So we had our first general assembly a few days ago at the Chambre D’artisanat.  The great thing is that Moroccan cooking and pastry-making is considered a traditional handicraft.  Yeah!  This is exciting for several reasons.  There is a lot of government importance place on the traditional handicrafts like woodworking, leather goods, weaving, etc.  Morocco really has a lot of fine craftsmen and the government knows that this is one of the national treasures.  It’s exciting to be a part of that.  Plus any cooperative or non-profit that is created in the handicraft field is automatically exempt from taxes.  For our meeting, they let us use their super swanky facilities, check out the main door.

 

We had a good meeting.  We talked about how a non-profit is different than a business.   How we hope that it will enrich all of their lives not just financially but in several ways.  Those who are illiterate will receive classes from the get-go to learn how to read.  Those who know how to read will build on that, a few of the women have shown interest in learning English.  We will invite people with cooking expertise to come give workshops and demonstrations.  We will have trainings in hygiene and provide the women with all that they need in terms of medical tests, uniforms and cleaning products to be thoroughly in compliance with hygiene standards (if you’ve seen some of the local restaurants and the staff who work in them, you’ll appreciate this point.  No soap in the bathroom, is all I’m going to say).  We also talked about having high ideals and long-term goals such as: using local products and ingredients and eventually sourcing organic ingredients, supporting other local craftsment e.g. when we buy the furniture for the restaurant it will all be locally made, going back to old methods of cooking (which are invariably healthier).  I told the women not to be scared of the immensity of the project, that the responsibility will be shouldered by all of us.  (Uh, I think I was speaking mostly to myself as I kept repeating those words several times during the meeting).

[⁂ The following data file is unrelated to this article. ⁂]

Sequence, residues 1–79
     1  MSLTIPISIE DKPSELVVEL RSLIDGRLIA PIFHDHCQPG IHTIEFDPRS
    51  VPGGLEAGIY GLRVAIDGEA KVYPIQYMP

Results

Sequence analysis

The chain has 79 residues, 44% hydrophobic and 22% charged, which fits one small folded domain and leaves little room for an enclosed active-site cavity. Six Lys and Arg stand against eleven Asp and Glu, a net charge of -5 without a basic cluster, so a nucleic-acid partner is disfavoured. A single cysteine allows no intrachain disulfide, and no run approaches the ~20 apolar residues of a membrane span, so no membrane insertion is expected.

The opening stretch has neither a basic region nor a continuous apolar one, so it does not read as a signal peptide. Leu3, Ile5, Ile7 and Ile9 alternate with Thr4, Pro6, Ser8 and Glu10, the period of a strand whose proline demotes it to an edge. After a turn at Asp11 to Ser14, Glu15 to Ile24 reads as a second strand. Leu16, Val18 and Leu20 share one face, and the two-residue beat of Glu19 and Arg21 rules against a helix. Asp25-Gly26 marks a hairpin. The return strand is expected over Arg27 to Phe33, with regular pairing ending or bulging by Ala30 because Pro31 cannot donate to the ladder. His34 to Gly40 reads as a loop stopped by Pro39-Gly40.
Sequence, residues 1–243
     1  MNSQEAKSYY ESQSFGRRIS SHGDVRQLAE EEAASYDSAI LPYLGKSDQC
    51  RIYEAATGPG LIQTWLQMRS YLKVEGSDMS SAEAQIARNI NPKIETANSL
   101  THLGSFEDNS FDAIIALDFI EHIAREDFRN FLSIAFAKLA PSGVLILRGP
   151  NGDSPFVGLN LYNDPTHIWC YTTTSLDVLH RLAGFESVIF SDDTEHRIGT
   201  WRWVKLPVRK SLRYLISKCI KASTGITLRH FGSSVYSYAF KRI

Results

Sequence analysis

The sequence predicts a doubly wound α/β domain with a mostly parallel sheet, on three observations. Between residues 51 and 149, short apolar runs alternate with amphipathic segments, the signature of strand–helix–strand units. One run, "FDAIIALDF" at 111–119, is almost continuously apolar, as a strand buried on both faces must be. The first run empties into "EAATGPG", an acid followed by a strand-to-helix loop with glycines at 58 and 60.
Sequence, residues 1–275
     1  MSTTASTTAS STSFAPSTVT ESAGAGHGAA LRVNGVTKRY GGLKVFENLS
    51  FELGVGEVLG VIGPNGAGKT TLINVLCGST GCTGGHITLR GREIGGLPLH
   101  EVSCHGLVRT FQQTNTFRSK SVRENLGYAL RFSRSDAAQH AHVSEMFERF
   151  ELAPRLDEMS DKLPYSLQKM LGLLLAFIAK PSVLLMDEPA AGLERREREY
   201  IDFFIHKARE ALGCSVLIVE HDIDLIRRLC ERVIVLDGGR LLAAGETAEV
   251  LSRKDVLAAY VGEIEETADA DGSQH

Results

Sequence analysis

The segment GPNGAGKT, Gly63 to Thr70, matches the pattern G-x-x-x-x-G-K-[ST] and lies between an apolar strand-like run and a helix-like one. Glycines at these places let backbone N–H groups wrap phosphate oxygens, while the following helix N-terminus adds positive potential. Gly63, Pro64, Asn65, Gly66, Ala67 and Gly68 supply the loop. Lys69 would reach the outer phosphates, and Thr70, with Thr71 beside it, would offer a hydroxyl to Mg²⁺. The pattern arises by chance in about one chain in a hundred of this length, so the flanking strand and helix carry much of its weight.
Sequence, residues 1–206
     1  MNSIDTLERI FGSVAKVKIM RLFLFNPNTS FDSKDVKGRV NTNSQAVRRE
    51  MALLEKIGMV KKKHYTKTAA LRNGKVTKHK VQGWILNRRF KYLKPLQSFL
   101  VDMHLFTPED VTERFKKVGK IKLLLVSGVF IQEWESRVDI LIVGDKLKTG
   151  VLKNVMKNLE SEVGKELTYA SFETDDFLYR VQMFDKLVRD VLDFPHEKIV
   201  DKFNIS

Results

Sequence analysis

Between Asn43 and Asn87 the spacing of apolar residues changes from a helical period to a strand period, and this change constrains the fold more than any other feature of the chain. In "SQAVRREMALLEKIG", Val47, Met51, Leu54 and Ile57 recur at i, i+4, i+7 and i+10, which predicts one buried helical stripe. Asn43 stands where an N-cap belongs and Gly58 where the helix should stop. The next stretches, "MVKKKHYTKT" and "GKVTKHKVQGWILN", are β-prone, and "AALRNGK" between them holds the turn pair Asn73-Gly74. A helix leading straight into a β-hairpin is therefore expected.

For me, this project is immensely personal and exciting.  It’s creative: dreaming anything up from scratch is.  I need this level of creativity in my life, and Morocco needs it.  And if I can use my creativity compassionately then it’s perfect.  There are also challenges for me here to be faced, such as delegating tasks.  There are a lot of people who want to volunteer with this project and I need to organize them into teams, an advertising team, a crew to work on the space, etc.  I’ve had some freakouts about this project, I get scared that it will be too much or that I won’t be able to give it as much as it needs to be a success (not unlike those dreams I used to have when I was pregnant.  I think freaking out about things means they are real to me).  Honestly switching from the idea of a cooperative to a non-profit was a huge relief, it feels right.  It doesn’t feel so much like I am trying to open a restaurant (people in the restaurant business keep telling me how hard it is, I believe them) , rather that I am helping set up a training infra-structure for marginalized women that will sell food as a way to support itself.

When I talk about the project, it strikes a chord with a lot of people.  At this point in history, it’s time for women to shine.  To learn, to grow, to speak, to be heard, to live in safety, to believe in our power.   To nurture our spiritual bond with the Creator, ar-Rahman ar-Raheem, the Compassionate, the Bestower of all bounty.